'Delight Your Customers' by Steve Surtin (ISBN 0814432808) Remember: Celebrate customer extravagance as extra-ordinary. And, teach employees the principle behind the peculiar. Give leeway for the exceptional, and your employees will have exciting standards for excellence that can energize them to produce service performances customers will remember as special.

Experiment with service extravagance and customer enchantment.

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Posted in Management and Leadership

Customers Expect Rewards in Exchange for Their Loyalty

'Customer Loyalty: How to Earn It, How to Keep It' by Jill Griffin (ISBN 0787963887) If you are over sixty, you may remember the thrill of filling S&H Greenstamps books and taking them to the redemption center.

That is how loyalty programs suck us in: we buy the things we always buy, but we get something extra. The more we buy, the bigger the reward. Today we expect loyalty programs to be part of our purchases, hence the popularity of frequent-flyer miles, supermarket discounts, merchandise rewards for credit card spending, and lower fees for maintaining higher bank balances.

But Loyalty Programs are Not Enough

You must offer a compelling value proposition and ensure that the customer’s experience is positive.

The financial value of a loyal customer is well documented. It costs a company to acquire (buy) customers with advertising, loss-leader items, and other incentives for initial purchases. If customers buy again, the company makes back its money. If they keep buying, more money is made. It becomes cheaper for the company to satisfy customers because repeat customers do not need as much support and understand the value of the brand. They even send new business. Therefore, companies need enticing ways of keeping customers.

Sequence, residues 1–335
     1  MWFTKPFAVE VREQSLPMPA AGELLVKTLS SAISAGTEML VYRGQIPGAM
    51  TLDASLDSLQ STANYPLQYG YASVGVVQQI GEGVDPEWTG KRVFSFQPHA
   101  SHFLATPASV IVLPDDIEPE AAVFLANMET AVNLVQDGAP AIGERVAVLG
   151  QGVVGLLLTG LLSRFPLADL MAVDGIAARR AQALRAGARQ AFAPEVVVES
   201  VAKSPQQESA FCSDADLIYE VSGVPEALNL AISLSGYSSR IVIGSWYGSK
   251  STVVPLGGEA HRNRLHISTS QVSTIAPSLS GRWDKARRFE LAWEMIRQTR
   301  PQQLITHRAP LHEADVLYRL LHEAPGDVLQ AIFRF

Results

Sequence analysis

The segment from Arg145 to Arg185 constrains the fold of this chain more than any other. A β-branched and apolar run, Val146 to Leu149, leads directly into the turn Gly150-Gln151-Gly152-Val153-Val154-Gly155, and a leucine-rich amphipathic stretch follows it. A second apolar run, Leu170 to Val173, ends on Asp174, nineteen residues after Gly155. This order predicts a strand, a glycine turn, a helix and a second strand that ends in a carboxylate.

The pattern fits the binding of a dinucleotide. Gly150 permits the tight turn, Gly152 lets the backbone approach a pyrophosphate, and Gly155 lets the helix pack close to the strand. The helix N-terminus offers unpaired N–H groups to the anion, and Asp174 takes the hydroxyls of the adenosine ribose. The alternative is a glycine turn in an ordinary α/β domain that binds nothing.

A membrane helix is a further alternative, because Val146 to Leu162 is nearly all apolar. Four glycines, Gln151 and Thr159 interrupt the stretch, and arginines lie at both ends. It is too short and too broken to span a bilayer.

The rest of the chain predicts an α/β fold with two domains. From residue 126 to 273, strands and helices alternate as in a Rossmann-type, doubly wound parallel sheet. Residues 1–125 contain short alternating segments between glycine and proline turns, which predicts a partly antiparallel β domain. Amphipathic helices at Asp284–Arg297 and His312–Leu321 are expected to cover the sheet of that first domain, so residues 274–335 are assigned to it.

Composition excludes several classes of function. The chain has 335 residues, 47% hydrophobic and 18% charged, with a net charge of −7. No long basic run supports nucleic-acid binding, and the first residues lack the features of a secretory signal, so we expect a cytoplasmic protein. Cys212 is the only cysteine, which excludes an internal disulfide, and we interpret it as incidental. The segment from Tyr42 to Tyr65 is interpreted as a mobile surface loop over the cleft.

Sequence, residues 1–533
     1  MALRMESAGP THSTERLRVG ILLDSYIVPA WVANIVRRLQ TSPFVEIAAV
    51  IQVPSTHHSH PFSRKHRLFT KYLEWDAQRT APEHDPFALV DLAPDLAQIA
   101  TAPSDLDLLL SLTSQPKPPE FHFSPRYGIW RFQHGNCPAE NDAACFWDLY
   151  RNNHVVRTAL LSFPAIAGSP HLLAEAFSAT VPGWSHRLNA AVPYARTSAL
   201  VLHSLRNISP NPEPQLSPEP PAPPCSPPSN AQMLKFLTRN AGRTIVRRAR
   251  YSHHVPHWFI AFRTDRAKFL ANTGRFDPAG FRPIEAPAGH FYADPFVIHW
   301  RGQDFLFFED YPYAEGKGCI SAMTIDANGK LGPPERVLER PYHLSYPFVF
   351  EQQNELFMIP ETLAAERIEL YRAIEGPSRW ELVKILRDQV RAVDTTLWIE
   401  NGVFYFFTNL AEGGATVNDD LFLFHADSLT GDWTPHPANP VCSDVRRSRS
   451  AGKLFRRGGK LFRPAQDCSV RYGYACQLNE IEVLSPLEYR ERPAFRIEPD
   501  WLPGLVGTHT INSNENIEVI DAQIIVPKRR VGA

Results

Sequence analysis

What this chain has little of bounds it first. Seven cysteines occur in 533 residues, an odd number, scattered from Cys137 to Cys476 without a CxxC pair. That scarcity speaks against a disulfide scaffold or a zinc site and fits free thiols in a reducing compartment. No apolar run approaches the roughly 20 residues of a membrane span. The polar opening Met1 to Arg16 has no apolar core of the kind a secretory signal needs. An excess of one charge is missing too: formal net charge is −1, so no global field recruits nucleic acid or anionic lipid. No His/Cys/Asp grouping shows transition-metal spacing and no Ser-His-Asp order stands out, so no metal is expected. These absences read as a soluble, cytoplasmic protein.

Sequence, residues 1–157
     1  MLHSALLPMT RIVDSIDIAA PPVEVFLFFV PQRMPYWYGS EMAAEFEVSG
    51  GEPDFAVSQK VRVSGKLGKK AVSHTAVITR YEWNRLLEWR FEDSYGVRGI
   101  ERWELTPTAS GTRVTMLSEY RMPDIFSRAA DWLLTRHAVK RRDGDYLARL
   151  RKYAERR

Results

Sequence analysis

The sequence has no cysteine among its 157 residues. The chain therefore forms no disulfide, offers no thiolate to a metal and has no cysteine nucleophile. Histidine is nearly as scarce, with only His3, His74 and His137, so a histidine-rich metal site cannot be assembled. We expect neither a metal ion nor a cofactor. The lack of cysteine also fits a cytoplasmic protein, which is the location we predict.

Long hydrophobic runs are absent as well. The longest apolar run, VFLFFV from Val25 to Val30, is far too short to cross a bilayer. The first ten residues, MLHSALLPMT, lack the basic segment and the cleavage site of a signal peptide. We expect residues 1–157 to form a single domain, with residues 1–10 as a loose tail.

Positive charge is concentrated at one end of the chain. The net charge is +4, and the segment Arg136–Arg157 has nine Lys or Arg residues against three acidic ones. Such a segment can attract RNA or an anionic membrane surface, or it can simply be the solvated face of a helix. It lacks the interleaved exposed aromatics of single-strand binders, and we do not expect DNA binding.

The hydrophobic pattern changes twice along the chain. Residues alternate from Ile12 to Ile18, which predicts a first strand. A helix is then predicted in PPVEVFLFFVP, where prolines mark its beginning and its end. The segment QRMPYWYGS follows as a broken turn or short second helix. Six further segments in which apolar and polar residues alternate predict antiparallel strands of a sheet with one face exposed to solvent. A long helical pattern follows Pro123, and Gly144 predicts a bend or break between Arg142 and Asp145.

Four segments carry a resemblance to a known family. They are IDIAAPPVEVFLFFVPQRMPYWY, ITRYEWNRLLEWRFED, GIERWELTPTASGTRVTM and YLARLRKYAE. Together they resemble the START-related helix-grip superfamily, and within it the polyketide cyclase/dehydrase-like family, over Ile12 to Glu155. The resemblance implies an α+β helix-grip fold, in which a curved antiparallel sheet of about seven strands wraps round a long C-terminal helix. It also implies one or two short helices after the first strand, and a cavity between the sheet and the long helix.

You now have many options for incenting loyalty. You can offer discounts, provide points redeemable for free stuff, offer improved service (such as free shipping or fast turnaround), or priority treatment. As you look at your loyalty programs, determine which rewards appeal most to your customers—and then match the rewards to their desires.

Three Motivators for Loyalty

Three Motivators for Customer Loyalty Programs I see three reward programs, each supporting a different motivation for loyalty. Each motivation can be expressed positively or negatively:

  1. Reward/Greed. This is the “I get something for nothing” motivator. Flyer miles, and membership points are examples that appeal to people on a personal level. S&H Greenstamps recently reinvented itself as S&H Greenpoints (www.greenpoints.com). Their motto is “Earn them on the things you buy. Spend them on the things that make you happy.” You now register as a Green–points user and collect electronic points for shopping at affiliated stores or Web sites. You redeem your points from an online catalog of products.
  2. Philanthropy/Guilt. Some customers react more on a community level. These customers respond most positively to loyalty rewards such as donations to charity. A good example is the affinity credit card. I have accepted credit card offers from banks because a small donation in my name will be made to my alma mater. You can get affinity cards for your favorite charity. It is a painless method of philanthropy because you do not take anything out of your wallet; the vendors with whom you do business give the money.
  3. Love/Obligation (or Fear). This loyalty program is targeted at customers who want rewards to serve them as a family rather than an individual. These customers also want relief from the financial burdens of family obligations. A new company that has endorsed this motivation for loyalty is UPromise. Its loyalty program makes donations in their children’s names to tax-deferred college funds when purchases are made from participating companies.